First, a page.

Abstract: This thesis considers the education of children of immigrants in Finland, focusing on attainment and transitions around the age of 16. It is the first detailed representative study on the topic in Finland. Compared to international research it is amongst the ones to most fully explore the different aspects of education around this age. For the most part, it is limited to studying structural explanations for differences between students and ethnic groups.
The majority of the analyses in the thesis are done using register data. Statistical modelling of this data is done using multivariate regression analyses. The results are supplemented with evidence from interviews with both majority students and children of immigrants.
With regards to school achievement at the end of comprehensive school, many immigrant-origin groups are seen to have lower average grades than the majority. However, this is explained by lower parental resources. After controlling for parental resources, very few disadvantages remain. On the other hand, the gender gap evident amongst the majority is not found amongst many immigrant-origin groups.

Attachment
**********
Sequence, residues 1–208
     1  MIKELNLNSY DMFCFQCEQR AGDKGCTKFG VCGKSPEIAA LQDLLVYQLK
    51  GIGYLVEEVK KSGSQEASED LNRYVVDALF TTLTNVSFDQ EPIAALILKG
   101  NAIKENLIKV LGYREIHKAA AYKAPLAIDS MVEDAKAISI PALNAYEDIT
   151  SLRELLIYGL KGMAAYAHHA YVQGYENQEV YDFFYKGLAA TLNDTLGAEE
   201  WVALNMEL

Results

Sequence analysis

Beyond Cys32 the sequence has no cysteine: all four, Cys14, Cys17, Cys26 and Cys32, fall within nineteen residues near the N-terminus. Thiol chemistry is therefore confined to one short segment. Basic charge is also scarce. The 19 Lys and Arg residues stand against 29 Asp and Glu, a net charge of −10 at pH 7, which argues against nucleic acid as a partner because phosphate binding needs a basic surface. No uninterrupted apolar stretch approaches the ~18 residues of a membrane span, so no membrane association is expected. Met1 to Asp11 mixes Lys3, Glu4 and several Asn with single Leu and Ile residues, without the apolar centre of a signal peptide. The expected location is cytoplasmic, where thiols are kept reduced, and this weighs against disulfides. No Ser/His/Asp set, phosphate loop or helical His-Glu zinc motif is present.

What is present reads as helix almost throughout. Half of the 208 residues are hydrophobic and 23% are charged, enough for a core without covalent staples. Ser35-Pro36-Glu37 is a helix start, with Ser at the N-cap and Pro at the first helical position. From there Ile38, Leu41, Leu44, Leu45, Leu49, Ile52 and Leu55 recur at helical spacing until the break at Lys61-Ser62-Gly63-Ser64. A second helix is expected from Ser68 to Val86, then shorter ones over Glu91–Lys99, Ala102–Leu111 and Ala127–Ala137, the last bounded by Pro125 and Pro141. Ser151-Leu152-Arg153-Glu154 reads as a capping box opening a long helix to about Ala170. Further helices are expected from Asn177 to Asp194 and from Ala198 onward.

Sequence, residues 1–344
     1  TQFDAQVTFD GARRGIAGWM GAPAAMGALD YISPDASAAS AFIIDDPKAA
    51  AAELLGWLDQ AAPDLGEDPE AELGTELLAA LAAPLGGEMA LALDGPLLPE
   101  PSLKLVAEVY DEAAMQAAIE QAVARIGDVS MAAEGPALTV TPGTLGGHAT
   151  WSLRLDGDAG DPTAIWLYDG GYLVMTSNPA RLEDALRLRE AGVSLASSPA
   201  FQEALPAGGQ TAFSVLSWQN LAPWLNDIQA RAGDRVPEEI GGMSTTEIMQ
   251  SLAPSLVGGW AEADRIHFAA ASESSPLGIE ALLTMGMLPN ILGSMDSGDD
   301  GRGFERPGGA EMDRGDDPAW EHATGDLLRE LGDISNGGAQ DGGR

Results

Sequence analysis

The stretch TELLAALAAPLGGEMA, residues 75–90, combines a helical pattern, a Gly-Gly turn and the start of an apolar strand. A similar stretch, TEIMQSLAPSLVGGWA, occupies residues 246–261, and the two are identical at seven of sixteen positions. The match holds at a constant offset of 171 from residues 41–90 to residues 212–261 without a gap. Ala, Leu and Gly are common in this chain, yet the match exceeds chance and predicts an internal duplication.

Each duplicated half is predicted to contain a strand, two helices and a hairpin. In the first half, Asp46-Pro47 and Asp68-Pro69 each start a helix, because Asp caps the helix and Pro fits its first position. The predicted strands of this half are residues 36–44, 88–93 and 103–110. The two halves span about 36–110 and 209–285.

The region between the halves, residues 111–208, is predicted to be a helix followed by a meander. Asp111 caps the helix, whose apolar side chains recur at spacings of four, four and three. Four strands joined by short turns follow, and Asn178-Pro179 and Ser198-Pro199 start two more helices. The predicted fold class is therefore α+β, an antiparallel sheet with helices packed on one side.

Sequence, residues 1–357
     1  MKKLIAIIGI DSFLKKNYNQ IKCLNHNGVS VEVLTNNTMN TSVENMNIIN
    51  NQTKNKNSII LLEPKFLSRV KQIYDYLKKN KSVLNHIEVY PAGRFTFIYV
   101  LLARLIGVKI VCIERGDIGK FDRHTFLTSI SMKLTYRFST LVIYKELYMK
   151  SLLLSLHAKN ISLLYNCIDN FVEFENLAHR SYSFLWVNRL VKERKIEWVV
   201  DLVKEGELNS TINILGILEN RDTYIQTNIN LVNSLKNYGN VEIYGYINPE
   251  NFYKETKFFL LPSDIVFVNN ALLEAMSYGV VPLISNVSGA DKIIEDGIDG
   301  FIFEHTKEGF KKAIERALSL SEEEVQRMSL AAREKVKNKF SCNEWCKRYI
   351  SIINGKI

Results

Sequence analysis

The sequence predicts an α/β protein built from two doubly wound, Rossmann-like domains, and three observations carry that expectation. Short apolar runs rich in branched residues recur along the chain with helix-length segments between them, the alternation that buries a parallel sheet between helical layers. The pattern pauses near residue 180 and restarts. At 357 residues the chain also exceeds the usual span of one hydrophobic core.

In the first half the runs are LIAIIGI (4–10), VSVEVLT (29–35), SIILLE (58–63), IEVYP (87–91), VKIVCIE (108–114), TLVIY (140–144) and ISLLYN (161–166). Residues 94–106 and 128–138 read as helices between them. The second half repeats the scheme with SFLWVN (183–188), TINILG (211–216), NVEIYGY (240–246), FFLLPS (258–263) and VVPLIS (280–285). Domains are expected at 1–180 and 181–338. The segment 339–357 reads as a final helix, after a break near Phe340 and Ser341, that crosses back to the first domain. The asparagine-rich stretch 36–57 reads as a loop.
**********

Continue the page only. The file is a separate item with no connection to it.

Looking at continuation to upper secondary education compared to dropping out, most children of immigrants are seen to have a higher probability of dropping out than the majority. This is explained by their lower school achievement and higher parental non-employment. Nevertheless, the difference between children of immigrants and the majority remains evident at the very low end of the achievement scale.
Considering the choice of upper secondary school type, children of immigrants can be seen to be more likely than the majority to continue to vocational school. Yet, after controlling for prior school achievement and parental resources, almost all immigrant-origin groups are more likely than the majority to continue to general rather than vocational school.
Interviews suggest that when considering their school choices, majority students tend to be driven by their interests and see their decision making as being independent of others. On the other hand, children of immigrants tend to have more specific future plans and to take the wishes of their parents more into consideration.